detail from miniature painting by Parvaneh Torkamani

detail from “A Thread in the Night” painting

While the tiny works of art in the “A Thread in the Night” series–each Cinemascope-shaped painting in the current show is around four inches wide by eighteen inches long–reward a very very close reading, they also work from farther back.

Torkamani might be insulted by the suggestion of these original pieces as purely decorative artwork, but it’s undeniable that they’d look fantastic in reproduction. In their linear patterns, interlocking script and ornament, alternating color and space there is a hypnotic quality that one can’t help but wish were blown up to wrap walls and make textiles, decorate pretty paper and hip upholstery, animate motion graphics across screens big and small.

detail from miniature painting by Parvaneh Torkamani

detail from “A Thread in the Night” painting

Obvious passions for Torkamani are the intertwined causes of homelessness and food insecurity. For the the Boom Concepts show there will be an installation piece consisting of cardboard and brown paper. On one of these is a poem titled “On Homelessness” dealing beautifully and bluntly with that subject.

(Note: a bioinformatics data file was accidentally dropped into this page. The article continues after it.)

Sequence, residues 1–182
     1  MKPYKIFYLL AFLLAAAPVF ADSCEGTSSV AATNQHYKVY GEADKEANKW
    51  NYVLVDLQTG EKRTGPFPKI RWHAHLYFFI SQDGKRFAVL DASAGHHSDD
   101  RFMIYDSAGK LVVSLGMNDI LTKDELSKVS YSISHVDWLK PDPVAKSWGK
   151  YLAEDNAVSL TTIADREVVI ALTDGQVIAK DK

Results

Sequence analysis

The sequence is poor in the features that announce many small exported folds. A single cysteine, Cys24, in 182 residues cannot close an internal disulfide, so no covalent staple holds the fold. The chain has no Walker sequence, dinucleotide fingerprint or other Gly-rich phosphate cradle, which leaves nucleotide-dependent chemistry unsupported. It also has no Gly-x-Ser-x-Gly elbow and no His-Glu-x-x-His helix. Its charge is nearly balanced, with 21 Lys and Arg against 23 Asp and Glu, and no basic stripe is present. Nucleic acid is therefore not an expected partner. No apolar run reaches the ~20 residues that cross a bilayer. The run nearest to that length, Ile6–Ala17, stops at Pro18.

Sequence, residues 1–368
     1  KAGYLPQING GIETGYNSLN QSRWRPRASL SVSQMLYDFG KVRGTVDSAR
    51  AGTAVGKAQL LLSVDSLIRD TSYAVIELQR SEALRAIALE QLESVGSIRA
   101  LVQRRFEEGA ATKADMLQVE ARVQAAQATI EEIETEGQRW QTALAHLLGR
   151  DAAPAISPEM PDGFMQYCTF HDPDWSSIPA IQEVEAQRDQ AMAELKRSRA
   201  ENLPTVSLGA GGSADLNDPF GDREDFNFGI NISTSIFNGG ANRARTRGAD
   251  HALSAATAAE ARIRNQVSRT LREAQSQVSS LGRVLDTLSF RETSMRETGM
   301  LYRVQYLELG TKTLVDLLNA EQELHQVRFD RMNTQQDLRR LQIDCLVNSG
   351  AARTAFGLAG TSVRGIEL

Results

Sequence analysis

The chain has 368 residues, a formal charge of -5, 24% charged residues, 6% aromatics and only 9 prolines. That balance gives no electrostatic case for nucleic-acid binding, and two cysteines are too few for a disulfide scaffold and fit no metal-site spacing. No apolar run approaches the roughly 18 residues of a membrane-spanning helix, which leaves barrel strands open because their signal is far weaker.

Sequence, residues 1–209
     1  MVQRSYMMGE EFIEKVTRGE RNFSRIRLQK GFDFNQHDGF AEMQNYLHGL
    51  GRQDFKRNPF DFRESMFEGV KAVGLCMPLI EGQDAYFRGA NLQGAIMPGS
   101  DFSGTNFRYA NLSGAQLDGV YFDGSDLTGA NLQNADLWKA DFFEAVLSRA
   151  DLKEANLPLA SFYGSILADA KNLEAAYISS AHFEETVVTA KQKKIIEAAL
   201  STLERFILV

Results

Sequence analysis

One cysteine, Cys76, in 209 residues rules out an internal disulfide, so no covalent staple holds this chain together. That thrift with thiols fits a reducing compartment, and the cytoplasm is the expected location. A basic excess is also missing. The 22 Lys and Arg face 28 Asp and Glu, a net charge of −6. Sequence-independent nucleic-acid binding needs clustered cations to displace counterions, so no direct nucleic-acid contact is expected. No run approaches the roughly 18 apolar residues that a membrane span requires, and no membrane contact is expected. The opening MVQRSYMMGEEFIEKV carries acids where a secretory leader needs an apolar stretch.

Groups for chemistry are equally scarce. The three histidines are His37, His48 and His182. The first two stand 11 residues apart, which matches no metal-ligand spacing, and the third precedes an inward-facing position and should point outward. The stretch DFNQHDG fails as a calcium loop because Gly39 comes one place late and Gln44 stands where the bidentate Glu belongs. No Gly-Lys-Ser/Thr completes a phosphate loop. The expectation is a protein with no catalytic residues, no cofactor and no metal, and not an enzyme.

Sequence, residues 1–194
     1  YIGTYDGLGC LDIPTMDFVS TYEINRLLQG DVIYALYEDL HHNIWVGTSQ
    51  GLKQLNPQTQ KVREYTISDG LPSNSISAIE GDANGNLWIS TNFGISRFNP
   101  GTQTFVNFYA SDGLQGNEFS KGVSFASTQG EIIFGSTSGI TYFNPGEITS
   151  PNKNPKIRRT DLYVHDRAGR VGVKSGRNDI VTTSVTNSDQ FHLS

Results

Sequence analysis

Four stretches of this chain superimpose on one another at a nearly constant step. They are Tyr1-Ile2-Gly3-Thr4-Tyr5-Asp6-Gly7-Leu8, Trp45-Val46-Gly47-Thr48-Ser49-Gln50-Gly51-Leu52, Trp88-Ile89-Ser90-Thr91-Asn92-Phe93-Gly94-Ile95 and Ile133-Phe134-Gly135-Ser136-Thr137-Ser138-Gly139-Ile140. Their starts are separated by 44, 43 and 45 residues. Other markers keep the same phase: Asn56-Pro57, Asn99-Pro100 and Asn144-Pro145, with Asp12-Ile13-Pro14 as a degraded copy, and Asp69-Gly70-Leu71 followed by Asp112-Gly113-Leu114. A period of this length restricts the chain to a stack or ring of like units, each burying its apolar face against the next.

Blasting winds of winter / Breaths of Hades / Penetration beneath clothes under skin / You whisper death is about as harrowing an opening salvo as this poetry-curious blogger has ever tripped across.

detail of poem about homelessness painted on cardboard

detail from Torkamani’s poem/installation “On Homelessness”

Torkamani hopes to raise awareness for these issues with the show. “To do art is to have a cause; art in a vacuum is nothing but vanity. I hope people who care about these causes will come out and help me start something,” Torkamani says, “With the help of volunteers who would tell me about food insecure people they know and those who would carry the food to them, I plan to be there for this cause.”

These are noble and ambitious goals–and it’s not entirely clear how they would come together. Sometimes, however, to go big, you need to get small.